TIJUANA, Baja California — A U.S. citizen was among six victims gunned down in a mass shooting in Tijuana on August 18, just two days after the victim’s wife and kids crossed into the United States and claimed asylum.

Phillip Norman Caldwell had been living in Tijuana for the past four months with his wife, Dulce Rosario-Rojas, and their three young children.

The family had bounced around between family shelters and rental units in recent months as they waited for Rosario’s number to be called at the border.

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On August 16, the wife and children crossed safely through the San Ysidro Port of Entry and claimed asylum. They were detained for four days by Customs and Border Protection and then paroled into a downtown San Diego family shelter.

During the family’s detention, Caldwell remained in Mexico at the family’s rental house in the Tres de Octubre neighborhood of Tijuana. In the early evening of August 18, gunmen opened fire and killed six people – including Caldwell – inside a neighboring house.

Caldwell’s landlord owned the house where the mass shooting took place, according to family members, and it remained unclear why the 40-year-old American father was inside his landlord’s house.

A total of four people died inside the house and two victims died later in the hospital, according to Tijuana news media reports. The landlord was one of the two victims who died at the hospital, family members said. 

Tijuana news reports indicated the killings may have been a drug-related, revenge killing linked to an earlier murder at Playas de Tijuana that same day. Those reports were not confirmed by Tijuana homicide investigators.

The Tres de Octubre neighborhood is known a high-crime area, the news reports said. Police arrested three suspects in a vehicle blocks away from the murder scene, and recovered a .223 caliber rifle and a .40 caliber handgun, Tijuana officials said during a news conference. Investigators are running ballistic tests on the weapons to determine if they were used in the killings.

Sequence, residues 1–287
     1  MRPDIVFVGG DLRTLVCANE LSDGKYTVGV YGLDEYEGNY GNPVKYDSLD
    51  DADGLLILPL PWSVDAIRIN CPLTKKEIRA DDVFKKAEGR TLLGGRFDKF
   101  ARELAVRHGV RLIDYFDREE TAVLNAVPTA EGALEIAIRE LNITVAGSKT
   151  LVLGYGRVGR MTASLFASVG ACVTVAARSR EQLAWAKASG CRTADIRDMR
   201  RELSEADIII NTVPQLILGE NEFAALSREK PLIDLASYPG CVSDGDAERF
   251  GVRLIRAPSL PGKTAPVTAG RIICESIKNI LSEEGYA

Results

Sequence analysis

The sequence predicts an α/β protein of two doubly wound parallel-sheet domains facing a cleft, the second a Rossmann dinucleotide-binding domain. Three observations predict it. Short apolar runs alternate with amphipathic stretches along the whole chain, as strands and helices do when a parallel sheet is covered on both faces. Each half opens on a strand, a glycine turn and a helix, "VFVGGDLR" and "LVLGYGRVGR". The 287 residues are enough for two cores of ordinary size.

Caldwell was disabled since losing his right leg from the knee down in a motorcycle accident four years ago. He was able to walk using a prosthesis.

For now, Rosario and her three children will remain in the downtown San Diego shelter pending her application for green card as well as their ongoing asylum case.

Rosario will have to start over in her green card application process, now, as the widow of a U.S. citizen. The family is receiving legal assistance from Catholic Charities Diocese of San Diego.

The nonprofit’s Director of Immigration Services, Nadine Toppozada, said the legal team was shocked to learn of Caldwell’s murder.

“I was horrified. It’s a situation that no family wants to find themselves in,” Toppozada said.

CBS News 8 first met the Caldwell’s family in April when they were living in a Tijuana Shelter.

The family said they were forced to migrate to Tijuana because they felt unsafe living in their home in Chiapas, Mexico. Toppozada said Caldwell’s death is, sadly, not unique among asylum seekers. “This is an example of something that happens and this is not the first or last time that we will hear of this,” she said.

“He went to Tijuana to protect his U.S. citizen children and lost his life doing that. It’s a horrible situation, very sad and tragic,” Toppozada said.

The victim’s father, William Caldwell, lives in Fresno and is seeking assistance in retrieving his son’s remains from the morgue in Tijuana.

He said he wants to transport his son back to Alabama, where Phillip Caldwell was born and raised.

Catholic Charities of San Diego is accepting donations to assist the family.

In a statement to News 8, a Department of State official said:

"We can confirm the death of a U.S. citizen in Tijuana, Mexico on August 18. We extend our condolences to the family and loved ones. Whenever a U.S. citizen passes away overseas, the Department of State works to provide all appropriate consular assistance to their family. Out of respect for the family at this difficult time, we have no further comment."